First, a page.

by Graham Wells
Graham is based in Atlanta, Georgia where he serves as prayer coordinator for OM USA.
Having been arrested by the authorities in a Middle Eastern country for witnessing and passing out some scriptures, I learned early on in my missionary life about desperate prayer. Being threatened with expulsion from the country, I cried out in desperation in the men’s bathroom (“toilet” to non-Americans!) for God to give me wisdom in getting out of this situation. And as clear as anything God gave me the words to use and I was able to stay and fulfill my commitment in the country. The Bible shows us that David had instances of desperate prayer, as well as Hannah when praying for a son.
Joy Dawson asks the question, “Why Desperate Prayer?” and answers it:
• Because the world’s unreached multitudes are in desperate need.
• Because hell is desperately real. Hell is desperate people, eternally trapped, with no hope of relief.
• Our desperate cries to God on their behalf powerfully influence the lost to make the right choices. Heaven is then more populated and Hell less.
• Desperate people pray with intensity and are not self-conscious.
As we pray for the issues on our campuses, in our cities and nations, ask God to give a burden so that as we pray we are not just uttering words but our heart’s cry, and we feel the pain and see the lostness and hopelessless of those without Christ. And it rises up in a desperate cry for God to act.
Rhonda Hughey writes, “The key of holy desperation for the presence and ministry of Jesus is required in order for us to move out of our complacent, satisfied existence. Desperation is the underlying fuel that ignites our hearts for unity, prayer, worship, and repentance. If we aren’t longing for Jesus, our ministry activities will be routine and hollow. There is certainly no shortage of ideas, plans, methods, books, teachings, programs, and activities in the church; what we are suffering from is a drought of desperation for God!”
Worship is an essential part of keeping the flame burning through prayer. The more we worship God, the bigger God becomes in our understanding, resulting in a greater faith to believe He will accomplish His purposes through us.
With music, without music, with great voices or voices like mine, we can still declare the greatness of God through worship. The ancient Fathers used to worship by singing and reading through the Psalms in eight-hour cycles.
In Rev. 8:1-6, we see the prayers of all the saints (a picture of intercession) being released with much incense (a picture of worship) at the throne. Both joined together help to keep the fire going on the altar. According to Dick Eastman, “Worship-saturated intercession will be a key to the last great harvest on earth.”
5. Intimacy and Devotion
Misty Edwards, one of the most amazing worship leaders, sings, “I’m not going to talk about You like you’re not in the room, gonna talk right to You, gonna sing right at You.” The beauty of prayer is that we are talking to a real person who is right in the room with us. This God that we adore loves us, delights in us, spins over us, and sings over us. We can’t do better than David when he says in Psalm 84:10, “One day spent in your house, this beautiful place of worship, beats thousands spent on Greek island beaches.” (or choose your own favorite destination!) (from The Message)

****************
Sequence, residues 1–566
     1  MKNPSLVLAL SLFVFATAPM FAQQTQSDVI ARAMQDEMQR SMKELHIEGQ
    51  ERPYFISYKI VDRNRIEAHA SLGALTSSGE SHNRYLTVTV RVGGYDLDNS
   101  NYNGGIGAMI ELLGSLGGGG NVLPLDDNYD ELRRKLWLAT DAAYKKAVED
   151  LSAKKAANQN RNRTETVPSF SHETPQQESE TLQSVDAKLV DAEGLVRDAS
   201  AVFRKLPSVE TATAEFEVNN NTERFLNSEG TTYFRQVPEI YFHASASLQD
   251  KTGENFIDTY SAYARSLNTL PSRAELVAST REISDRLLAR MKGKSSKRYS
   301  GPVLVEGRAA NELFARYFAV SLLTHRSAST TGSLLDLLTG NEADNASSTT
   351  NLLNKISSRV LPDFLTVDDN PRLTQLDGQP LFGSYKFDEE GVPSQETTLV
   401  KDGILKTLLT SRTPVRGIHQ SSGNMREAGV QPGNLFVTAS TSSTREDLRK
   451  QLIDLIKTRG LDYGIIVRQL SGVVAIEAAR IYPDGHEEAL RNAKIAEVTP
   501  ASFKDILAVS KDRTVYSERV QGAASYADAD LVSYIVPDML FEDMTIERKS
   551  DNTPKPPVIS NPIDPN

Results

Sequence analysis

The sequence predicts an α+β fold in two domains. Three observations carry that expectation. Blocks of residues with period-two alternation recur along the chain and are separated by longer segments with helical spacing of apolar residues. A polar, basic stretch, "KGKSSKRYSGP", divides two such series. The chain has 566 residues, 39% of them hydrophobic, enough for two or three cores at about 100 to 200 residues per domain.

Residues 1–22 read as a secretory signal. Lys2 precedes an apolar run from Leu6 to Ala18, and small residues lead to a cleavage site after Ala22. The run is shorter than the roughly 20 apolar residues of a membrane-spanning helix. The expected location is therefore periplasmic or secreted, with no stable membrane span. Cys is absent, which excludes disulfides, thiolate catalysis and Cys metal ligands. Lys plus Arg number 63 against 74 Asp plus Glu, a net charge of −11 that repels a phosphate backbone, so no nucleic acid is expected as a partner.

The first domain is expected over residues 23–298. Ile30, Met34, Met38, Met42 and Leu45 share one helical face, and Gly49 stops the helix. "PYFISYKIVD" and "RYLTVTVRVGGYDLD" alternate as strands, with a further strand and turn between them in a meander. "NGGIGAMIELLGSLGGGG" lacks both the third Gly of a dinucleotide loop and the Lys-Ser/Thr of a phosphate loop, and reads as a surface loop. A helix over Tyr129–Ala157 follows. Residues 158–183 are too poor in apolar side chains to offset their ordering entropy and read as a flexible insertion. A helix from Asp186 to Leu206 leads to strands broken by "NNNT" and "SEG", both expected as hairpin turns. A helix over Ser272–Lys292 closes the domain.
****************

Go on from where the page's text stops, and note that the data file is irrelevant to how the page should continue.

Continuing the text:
Lou Engle writes:
“Today the call of God to the church is to cultivate a heart of unwavering devotion. He wants us to love Him first and foremost, with all of our hearts. When your heart is conquered by the One who is fascinating, then no other captivation will satisfy.
You will refuse to dwell anywhere but in this position of waiting on Him. You will pursue Him alone, not allowing yourself to be distracted by anything less. Your hunger will be fixed on a single source. There will be no going back to what used to bring satisfaction. Secondary pleasures will fade away.”
It really is about intimacy. “This is the main purpose of prayer,” says Bill Johnson.
“I want to encourage you to embrace a life of extravagant devotion to God, without any regard to cost. I want to encourage it not only because you will have the greatest reward you can have at the end of your life, but because it is an incredibly enjoyable way of life. If prayer is not enjoyable, it’s not sustainable,” states Mike Bickle.
A few years ago I ran the London Marathon. After the halfway point, you come into an area called Docklands. It’s an industrial wasteland, and there is no encouragement from spectators. The fun and excitement of the start is gone, the key sights of London where people are cheering you on in the thousands is all behind you. It’s all quiet, no sounds except your running shoes on the concrete, no talking. This is where the discipline of training pays off. This section is six miles long, boring, tiring, there’s nothing to look at to keep your mind away from the pain! You can only look ahead to the 20-mile mark and the crowds again thronging the streets for encouragement. There will always be seasons where prayer is hard, tiredness creeps in, discouragement can be close by. This is when we just keep going, we keep engaged and we trust not our feelings and circumstances but our faith and the truth of His word. We are encouraged not to grow weary in well doing, because as we press on and in, we will see the results of our praying.
“The level of a spiritual victory for your city is directly affected by two spiritual conditions: the intensity of your desire and the size of your faith. God wants to see if you want the minimum or the maximum. Do you want institutional survival–or citywide revival?” writes John Dawson.
During that evening with the villagers on the Thai-Burmese border, I sensed through their prayers and simple faith that they were content with nothing less than the maximum.
What has your experience been in facilitating prayer meetings?
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